Tuesday, November 28, 2006

To be a Disciplined Disciple

I am reminded this morning of the semantic similarity between the concepts of discipline and disciple. To be a disciple/follower of Jesus is to live a disciplined life. Thomas Merton describes this commitment to a disciplined life in the language of the appropriation of the cross of Jesus. To experience the "discipline of the cross" is to move from an ego-affirming spirituality to an ego-transcended approach to life and leadership. The contributions that this make in our search for authentic leadership are obvious.
Merton writes:
“But basically, the discipline involved here is that of a crucifixion which eliminates a superficial and selfish kind of experience and opens to us the freedom of a life that is not dominated by egoism, vanity, willfulness, passion, aggressiveness, jealousy, greed. Finally, discipline means solitude of some sort, not in the sense of selfish withdrawal but in the sense of an emptiness that no longer cherishes the comfort of various social ‘idols” and is not slavishly dependent on the approval of others. In such solitude one learns not to seek love but to give it. One’s great need is now no longer to be loved, understood, accepted, pardoned, but to understand, to love, to pardon and accept others just as they are, in order to help them transcend themselves in love.”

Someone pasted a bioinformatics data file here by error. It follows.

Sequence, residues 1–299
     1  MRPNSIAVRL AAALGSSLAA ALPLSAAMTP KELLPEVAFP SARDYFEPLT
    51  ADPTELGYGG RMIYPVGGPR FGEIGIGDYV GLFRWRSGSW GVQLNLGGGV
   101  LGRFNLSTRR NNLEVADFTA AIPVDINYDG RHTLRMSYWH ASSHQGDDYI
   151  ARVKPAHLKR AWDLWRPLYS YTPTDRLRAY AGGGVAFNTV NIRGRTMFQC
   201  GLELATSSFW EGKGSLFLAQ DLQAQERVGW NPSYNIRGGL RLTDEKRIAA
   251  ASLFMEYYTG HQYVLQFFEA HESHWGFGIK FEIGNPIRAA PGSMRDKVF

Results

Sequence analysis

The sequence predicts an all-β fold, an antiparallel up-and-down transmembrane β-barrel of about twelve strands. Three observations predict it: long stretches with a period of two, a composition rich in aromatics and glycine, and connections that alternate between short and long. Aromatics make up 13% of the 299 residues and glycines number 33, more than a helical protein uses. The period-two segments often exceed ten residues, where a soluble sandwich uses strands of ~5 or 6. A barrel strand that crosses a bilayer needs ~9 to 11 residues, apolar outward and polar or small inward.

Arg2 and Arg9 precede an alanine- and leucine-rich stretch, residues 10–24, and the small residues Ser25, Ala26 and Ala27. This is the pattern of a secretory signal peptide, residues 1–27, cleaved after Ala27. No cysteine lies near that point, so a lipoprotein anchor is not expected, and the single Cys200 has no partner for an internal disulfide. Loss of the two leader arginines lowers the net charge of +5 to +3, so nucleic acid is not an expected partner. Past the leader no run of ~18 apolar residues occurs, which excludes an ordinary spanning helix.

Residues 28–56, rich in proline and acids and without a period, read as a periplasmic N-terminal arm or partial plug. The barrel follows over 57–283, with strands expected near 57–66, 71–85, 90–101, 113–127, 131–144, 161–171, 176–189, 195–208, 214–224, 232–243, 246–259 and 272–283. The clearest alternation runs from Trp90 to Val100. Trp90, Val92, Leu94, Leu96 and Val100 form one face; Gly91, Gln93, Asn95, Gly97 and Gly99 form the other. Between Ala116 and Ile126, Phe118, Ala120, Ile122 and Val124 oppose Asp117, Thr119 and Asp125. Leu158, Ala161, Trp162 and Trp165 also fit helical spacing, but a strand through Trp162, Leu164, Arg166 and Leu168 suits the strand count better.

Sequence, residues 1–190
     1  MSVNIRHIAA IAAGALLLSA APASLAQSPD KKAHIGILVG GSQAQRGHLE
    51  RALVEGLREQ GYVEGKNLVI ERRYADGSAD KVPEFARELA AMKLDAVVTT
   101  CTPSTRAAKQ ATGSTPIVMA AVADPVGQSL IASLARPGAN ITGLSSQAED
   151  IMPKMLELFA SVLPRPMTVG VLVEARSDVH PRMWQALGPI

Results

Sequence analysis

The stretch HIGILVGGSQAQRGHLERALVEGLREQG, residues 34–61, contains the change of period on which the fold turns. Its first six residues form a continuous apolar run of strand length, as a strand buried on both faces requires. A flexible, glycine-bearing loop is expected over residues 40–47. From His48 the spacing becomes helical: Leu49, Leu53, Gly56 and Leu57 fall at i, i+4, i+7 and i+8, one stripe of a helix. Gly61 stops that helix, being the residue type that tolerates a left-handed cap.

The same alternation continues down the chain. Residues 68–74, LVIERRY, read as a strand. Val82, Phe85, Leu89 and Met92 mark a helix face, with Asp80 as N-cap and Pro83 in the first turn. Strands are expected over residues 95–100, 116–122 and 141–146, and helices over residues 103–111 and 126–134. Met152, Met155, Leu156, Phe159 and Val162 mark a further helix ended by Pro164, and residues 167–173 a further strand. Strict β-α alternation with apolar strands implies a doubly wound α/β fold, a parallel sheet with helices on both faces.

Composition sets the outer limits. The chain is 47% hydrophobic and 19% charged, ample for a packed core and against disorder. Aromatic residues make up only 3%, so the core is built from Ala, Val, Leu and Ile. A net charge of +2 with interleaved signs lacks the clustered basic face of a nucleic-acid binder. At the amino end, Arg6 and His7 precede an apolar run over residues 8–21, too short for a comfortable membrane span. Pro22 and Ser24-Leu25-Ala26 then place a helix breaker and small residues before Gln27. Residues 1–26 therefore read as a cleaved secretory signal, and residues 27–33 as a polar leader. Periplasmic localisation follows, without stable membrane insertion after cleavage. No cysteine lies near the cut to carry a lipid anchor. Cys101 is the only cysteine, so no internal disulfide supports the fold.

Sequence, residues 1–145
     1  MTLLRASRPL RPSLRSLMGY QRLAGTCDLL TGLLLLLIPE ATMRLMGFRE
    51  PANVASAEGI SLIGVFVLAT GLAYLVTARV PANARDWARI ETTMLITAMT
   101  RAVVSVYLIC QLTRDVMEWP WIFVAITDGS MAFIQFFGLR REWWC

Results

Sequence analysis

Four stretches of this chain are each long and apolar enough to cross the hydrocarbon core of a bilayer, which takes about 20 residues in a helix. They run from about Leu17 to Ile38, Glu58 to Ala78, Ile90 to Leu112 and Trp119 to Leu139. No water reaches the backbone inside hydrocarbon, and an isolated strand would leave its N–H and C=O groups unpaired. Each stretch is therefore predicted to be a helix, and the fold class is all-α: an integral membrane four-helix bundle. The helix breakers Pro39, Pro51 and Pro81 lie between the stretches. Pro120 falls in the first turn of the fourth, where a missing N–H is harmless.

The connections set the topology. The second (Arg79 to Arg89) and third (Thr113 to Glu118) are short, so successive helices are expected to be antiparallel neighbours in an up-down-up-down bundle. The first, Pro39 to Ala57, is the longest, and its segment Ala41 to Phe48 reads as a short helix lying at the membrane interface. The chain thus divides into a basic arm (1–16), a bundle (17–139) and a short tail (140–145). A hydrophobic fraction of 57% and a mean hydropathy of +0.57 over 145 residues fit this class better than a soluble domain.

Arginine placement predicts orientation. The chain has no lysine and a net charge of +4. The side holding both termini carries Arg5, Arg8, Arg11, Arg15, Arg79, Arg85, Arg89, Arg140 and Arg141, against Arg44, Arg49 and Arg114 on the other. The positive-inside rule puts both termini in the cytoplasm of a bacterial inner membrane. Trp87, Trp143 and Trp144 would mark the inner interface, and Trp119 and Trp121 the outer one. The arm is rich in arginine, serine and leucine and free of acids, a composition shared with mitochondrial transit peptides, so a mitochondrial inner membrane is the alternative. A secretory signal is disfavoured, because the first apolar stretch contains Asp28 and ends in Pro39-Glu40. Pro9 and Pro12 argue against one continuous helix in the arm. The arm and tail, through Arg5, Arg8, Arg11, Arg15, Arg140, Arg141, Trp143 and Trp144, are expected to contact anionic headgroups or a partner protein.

Thomas Merton. “Renewal and Discipline” in Contemplation in A World of Action (New York, Doubleday and Company, Inc.): 131-132.